I’m also interested in the idea, best expressed by David Hockney, that once he has drawn something then he will always know it, and can draw it again. So I found that by sitting down and drawing something, even if only for ten minutes, the amount you learn from the drawing is kind of intrinsic in your memory, and so over the weeks or months that the painting goes on that memory is nice and strong. So the painting comes about in reference to the drawing and in reference to my memory of it. In the end what’s important is that it stimulates a belief or a memory in myself and in the viewer.

What is it that attracts you to oil painting?
I’ve always used oil paint, it’s just the most beautiful and rewarding colour and I can’t get the feeling of it with any other paint.

And you exploit it to create textures and effects in your works?
That’s something I’m particularly interested in. I want the painting to be rewarding when you stand up close to it and also when you are standing on the other side of the room. It will reveal itself in different ways. I’ve spent a lot of time looking at the great painters of the world trying to work out what they have done, and for the most part there tends to be a lot of variation in the surface and in the marks, and that’s what is rewarding to the eye.

A lot of your still life works feature a skull; what led to this?
I decided if I was going to do still lifes I was going to really embrace the genre, the Vanitas tradition, as it has a universal reality. I feel like a lot of the subject matter in, say, Golden Age Dutch still life is not really relevant to us in the same way, but the skull is as relevant as it ever was. With all the subjects I’ve chosen I’ve felt like they have to be relevant to me, I don’t want them to feel put on.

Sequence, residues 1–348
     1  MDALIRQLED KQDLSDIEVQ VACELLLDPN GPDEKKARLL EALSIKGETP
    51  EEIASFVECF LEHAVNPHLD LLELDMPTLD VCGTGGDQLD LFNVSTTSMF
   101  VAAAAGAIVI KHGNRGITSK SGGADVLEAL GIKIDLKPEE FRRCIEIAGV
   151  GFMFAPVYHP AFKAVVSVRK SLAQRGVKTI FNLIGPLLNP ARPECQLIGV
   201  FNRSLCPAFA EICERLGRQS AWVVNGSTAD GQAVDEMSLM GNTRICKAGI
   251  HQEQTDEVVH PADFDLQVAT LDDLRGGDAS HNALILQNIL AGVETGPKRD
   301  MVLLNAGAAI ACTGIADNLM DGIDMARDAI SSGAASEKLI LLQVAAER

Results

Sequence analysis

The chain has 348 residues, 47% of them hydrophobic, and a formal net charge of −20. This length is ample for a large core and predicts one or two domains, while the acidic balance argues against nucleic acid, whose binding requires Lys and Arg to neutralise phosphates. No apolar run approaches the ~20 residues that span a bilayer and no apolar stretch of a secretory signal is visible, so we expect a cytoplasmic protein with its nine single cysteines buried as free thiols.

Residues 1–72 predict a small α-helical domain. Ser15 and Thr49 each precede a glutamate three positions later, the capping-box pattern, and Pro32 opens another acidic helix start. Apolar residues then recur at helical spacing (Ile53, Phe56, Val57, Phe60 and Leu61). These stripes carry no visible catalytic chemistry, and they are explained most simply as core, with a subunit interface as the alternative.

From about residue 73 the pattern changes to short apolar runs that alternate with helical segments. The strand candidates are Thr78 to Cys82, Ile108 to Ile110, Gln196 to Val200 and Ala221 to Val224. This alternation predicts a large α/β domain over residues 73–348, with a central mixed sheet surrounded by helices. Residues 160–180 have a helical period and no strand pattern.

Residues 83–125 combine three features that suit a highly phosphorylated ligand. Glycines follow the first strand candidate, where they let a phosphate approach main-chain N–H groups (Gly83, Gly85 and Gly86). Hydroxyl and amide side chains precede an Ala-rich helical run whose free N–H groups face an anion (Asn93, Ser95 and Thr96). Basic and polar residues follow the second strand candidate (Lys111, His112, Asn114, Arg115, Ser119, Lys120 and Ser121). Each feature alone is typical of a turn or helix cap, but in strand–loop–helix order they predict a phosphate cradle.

You tend to be drawn to native plant species. Is this an active choice?
I love flowers and trees, especially Australian natives. I’ve found that their foliage is much more rewarding to me than introduced species, there’s a toughness that I respond to in Australian natives. I love the idea that some of my still lifes are a little bit threatening in a way. It’s not really important if other people see that but I’ve always felt it.

Your 2017 exhibition at Sophie Gannon Gallery featured landscape works. Is this a recent development?
It’s something that I’ve tried on and off over the years and had no success. I’ve found it quite difficult to transition from doing the still lifes to landscapes. Last year was the first time I’ve shown them, but I will be exhibiting more in the next show. I felt like I needed to expand my subject, and I still see myself as learning to paint. As I got close to my initial aim of learning how to paint still lifes I started to move away from simply representing a scene. They started to become more abstract, more playful, introducing pattern and referencing themselves as paintings more. Basically I just wanted to stay interested in it. So the landscapes are something I feel like I need to keep doing, challenging myself and what I can do.

This interview was originally published in Artist Profile, Issue 43, 2018

Adam Pyett | Recent Works
30 October – 17 November 2018
Jan Murphy Gallery, Brisbane

Adam Pyett is represented by Sophie Gannon Gallery, Melbourne and Jan Murphy Gallery, Brisbane